4/4/2022

Safeguarding an open and free Internet for all: Three priorities for Africa-Europe cooperation

Topics
connectivity
Location
Africa

Bridging the digital divide is not only about increasing access to the Internet, but also about creating the enabling environment for countries to lead their own digital development. This was the conclusion reached by the speakers of the side session “Safeguarding an open and free Internet” which was hosted by the African Center for Economic Transformation (ACET) at the first Africa-Europe D4D Hub Multi-Stakeholder Forum (MSF) on 18 March.

With the aim of identifying concrete priorities for African and European actors to work together in the promotion of an open and free internet, representatives from different think tanks and research institutions shared their views on the opportunities and challenges to promote a truly inclusive digital transformation. The issues that were discussed included ethical aspects, regulatory and technical fragmentation, geopolitical competition, restrictions on freedoms, and data sovereignty. Below is an overview of their top recommendations for policymakers:

1. Investments are needed beyond connectivity

Investing in increasing access to the Internet is certainly much needed if we are to close the digital divide — this was a widely echoed view across different sessions at the MSF. “35 out of every 100 Europeans have access to fixed broadband subscriptions […] this figure is just less than two out of 100 people in Sub-Saharan Africa,” pointed out Karishma Banga, an economist at the Institute for Development Studies (IDS).

However, there are also other areas that African and European investments should pay more attention to, said the experts. For example, the development of a local digital and data industries. “Africa accounts for less than one percent of the global data centre capacity and a large […] there is a lot of space there for targeted investment as well as around building data processing capabilities on the continent to be able to leverage the digital intelligence and to gain competitive advantage as we’ve seen it happening in Europe,” Banga said.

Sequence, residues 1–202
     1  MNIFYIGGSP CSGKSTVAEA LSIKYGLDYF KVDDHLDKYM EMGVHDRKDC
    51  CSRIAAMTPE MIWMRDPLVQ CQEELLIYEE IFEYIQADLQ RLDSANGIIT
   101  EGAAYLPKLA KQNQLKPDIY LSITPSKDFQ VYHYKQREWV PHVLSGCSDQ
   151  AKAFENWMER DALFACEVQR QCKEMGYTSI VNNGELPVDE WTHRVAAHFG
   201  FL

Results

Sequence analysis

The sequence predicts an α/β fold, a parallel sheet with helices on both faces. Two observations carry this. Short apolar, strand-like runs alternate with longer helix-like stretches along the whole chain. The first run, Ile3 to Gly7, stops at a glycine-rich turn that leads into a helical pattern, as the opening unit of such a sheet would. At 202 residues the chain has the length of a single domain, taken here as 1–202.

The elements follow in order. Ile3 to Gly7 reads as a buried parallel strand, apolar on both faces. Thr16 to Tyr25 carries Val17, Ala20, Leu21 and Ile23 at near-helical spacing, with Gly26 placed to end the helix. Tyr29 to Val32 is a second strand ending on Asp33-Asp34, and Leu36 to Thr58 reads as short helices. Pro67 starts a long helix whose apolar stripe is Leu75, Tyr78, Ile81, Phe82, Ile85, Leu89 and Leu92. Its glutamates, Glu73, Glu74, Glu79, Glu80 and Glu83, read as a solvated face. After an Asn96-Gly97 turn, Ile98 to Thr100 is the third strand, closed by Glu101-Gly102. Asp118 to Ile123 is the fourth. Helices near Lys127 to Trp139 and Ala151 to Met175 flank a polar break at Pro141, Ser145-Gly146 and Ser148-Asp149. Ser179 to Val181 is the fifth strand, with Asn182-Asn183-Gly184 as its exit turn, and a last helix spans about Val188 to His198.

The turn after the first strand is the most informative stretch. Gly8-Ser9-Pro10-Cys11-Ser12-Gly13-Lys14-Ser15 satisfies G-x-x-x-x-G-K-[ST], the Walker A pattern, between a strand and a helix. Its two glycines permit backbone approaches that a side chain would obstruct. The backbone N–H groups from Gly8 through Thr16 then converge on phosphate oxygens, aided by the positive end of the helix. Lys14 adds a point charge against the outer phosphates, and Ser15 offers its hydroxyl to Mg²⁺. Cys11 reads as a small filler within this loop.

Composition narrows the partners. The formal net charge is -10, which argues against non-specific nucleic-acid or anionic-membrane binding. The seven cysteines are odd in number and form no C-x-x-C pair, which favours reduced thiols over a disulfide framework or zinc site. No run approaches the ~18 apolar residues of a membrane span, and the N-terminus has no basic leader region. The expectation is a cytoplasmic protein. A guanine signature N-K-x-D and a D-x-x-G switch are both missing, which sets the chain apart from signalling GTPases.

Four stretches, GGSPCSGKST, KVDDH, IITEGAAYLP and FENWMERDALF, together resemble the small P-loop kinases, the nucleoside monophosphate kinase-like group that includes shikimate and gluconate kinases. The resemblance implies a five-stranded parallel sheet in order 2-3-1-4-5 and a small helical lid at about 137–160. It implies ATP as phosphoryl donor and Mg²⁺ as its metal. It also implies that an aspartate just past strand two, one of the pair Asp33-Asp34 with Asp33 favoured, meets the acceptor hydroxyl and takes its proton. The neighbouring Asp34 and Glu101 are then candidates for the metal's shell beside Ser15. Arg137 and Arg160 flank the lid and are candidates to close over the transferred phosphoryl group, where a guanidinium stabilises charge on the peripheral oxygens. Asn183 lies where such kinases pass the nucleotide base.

Speakers also called for more engagement of researchers and citizens to advise on investment decisions.

2. The decision-making table should be inclusive

While there is a real opportunity for Europe to increase its digital investments in Africa and to support African countries to achieve their digital priorities, geopolitical considerations should not take precedence, warned the experts.

“For Africa, the challenge is to do this in a way that does not create new dependencies, amounting to what some would call neo-colonialism. And for the EU the challenge is to prove that its model can do just that what it promises, namely providing support to human-centred approaches for the creation of trustworthy digital technologies that is enabling African economic potential and innovation on African terms and driven by African requirements,” said Jan Hofmeyr, Head of Research and Policy at the Institute for Justice and Reconciliation.

In this sense, Chloe Teevan, Head of Digital Economy and Governance at the European Centre for Development Policy Management (ECDPM) suggested that the Team Europe approach should engage African stakeholders.

“Coordinating amongst ourselves as Europeans is not the end goal […] the important thing with the Team Europe approach going forward would be to turn it into a Team Europe plus Africa approach whereby African stakeholders are really part of the conversation from the get-go,” Teevan said.

3. Ultimately, it is about putting people at the heart of the agenda

Kristina Mãnd, e-democracy expert at the e-Governance Academy called for open Internet to be considered a human rights issue.

“All people should get the most out of digital transformation,” Mãnd said. “In addition to the right to access the Internet, this means secure online spaces, the right to learn digital skills, algorithms that respect people, protection of children, personal data protection, freedom, and openness.”

Teevan shared this opinion: “The needs of end users should be at the center of any digital policy”.

Do you want to learn more? Watch the session recording:

For more information about the MSF, download the event report.